I haven't tried either one of the two TVs mentioned.


I am now considering professional large format monitors instead. There are quite a few available these days, and as long as you don't go above 55", they are fairly reasonably priced. Some examples include:


Samsung 550DX and 550EX

NEC S521, S551, and P551

Sony GXDL52H1 (pricey)

Sharp PN-E521

LG MS203CCBA

Viewsonic CD5230 and CD5233


Michael

Is there a thread here about pro displays? I have been eyeing the NEC P521 for a long time now (I have the NEC hardware calibration unit and software), but the Samsung 550EX looking mighty good [LED backlight (local dimming?), higher contrast ratio (dynamic?), faster response of 6ms, thinner, 120Hz (5:5?)]. Only downside is that the panel is 8 bit with dithering to make it closer to 10bit. Not sure if the NEC is the same.


I really think we need a pro display thread on AVS.
 

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Only certain LCD panels are 10+ bit native. The majority of 10+ bit panels are dithered from 8-bit. On the plus side, it does the job fine.
 

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Quote:
Originally Posted by Michael2000 /forum/post/19532541


I haven't tried either one of the two TVs mentioned.


I am now considering professional large format monitors instead. There are quite a few available these days, and as long as you don't go above 55", they are fairly reasonably priced. Some examples include:


Samsung 550DX and 550EX

NEC S521, S551, and P551

Sony GXDL52H1 (pricey)

Sharp PN-E521

LG MS203CCBA

Viewsonic CD5230 and CD5233


Michael

This is only my conjecture, but I have a feeling the input lag on those displays might be horrendous. I briefly looked at the overview pages of some of the sets you mentioned, and it looks like these displays are designed to be running 24x7x365. Plus some are a bit more ruggedized to handle the punishment of bad environmental conditions (i.e., large temperature variations, shock proofing, etc). Generally high-speed electronics don't fare too well in conditions like this, so things have to be sacrificed a bit. Its analogous to the Panasonic Toughbook laptops -- built like a tank to withstand anything, but the performance is lackluster.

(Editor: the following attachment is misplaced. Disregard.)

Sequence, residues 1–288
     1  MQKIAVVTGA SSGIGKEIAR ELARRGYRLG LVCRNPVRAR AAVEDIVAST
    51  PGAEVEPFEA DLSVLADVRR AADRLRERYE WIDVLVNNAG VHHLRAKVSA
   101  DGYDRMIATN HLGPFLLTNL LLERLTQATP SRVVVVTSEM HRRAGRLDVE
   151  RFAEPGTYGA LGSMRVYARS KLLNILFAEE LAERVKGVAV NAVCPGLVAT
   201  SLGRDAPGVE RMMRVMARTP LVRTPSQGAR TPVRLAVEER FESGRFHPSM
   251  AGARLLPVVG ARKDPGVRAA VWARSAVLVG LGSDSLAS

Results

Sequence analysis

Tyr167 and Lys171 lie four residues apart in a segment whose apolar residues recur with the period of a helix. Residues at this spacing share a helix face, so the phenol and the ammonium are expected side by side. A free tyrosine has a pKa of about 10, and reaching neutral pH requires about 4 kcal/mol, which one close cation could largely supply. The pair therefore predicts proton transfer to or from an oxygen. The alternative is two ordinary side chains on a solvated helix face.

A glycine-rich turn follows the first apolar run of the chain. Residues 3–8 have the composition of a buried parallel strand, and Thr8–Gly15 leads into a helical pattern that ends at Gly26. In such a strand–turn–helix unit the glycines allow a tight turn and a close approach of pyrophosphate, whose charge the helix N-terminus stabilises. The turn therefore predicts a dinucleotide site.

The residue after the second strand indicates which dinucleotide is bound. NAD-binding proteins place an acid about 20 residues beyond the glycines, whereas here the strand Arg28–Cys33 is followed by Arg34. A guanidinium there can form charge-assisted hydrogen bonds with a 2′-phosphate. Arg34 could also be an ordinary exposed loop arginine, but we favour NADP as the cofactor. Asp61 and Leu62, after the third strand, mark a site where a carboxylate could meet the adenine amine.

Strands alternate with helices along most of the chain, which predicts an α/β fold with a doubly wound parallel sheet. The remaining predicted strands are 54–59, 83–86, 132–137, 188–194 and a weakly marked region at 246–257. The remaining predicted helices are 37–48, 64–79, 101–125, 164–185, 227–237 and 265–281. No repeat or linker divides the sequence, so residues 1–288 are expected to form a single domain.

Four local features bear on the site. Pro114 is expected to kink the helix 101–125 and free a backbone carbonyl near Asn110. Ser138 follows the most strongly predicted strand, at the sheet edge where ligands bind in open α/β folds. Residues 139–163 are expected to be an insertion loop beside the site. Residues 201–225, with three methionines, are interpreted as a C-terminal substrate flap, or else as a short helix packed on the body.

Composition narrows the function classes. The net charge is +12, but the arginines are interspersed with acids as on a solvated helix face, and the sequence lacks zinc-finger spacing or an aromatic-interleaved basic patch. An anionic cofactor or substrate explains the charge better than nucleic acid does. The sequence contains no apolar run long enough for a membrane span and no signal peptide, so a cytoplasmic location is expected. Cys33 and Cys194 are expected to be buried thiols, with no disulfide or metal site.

On a different note, since these displays are geared towards the business market, the support/sales staff will probably have more detailed specs available like input lag. Wouldn't hurt to shoot them an email or phone call to see if they have the info available.
 

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As far as high-end displays go...


Rather large panels (40-50 inch) were used in a Capcom-sponsored (I think) SF4 competition some time ago, and the last I read anything about it, people were still trying to figure out what those panels were. Input lag was reportedly not an issue. Price was speculated to be in the multiple thousands.
 

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Quote:
Originally Posted by Colmino /forum/post/19555015


I feel compelled to chime in on this as it's my pidgin. As thepoohcontinuum noted earlier, I did a great plethora of tests on various current TVs and found that very few could pass 4:4:4 color under any circumstance. The RCA was one, but its screen quality and lack of features sort of put it off the map.


What wasn't mentioned was that I finally found a champion in the form of the LG 450 series (32 and 42 inch at least, and probably 47 inch, though I never tested it). Only the 450 series. The 520 and above, and the new low-end 400 models all fail 4:4:4.

But how about non-miniature, real-size LCD sets: 55",60",65"?
 

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That uk test on the ex500 is incorrect. the ex5 sets run 30ms or less lag in game mode when properly tested.


Just saying.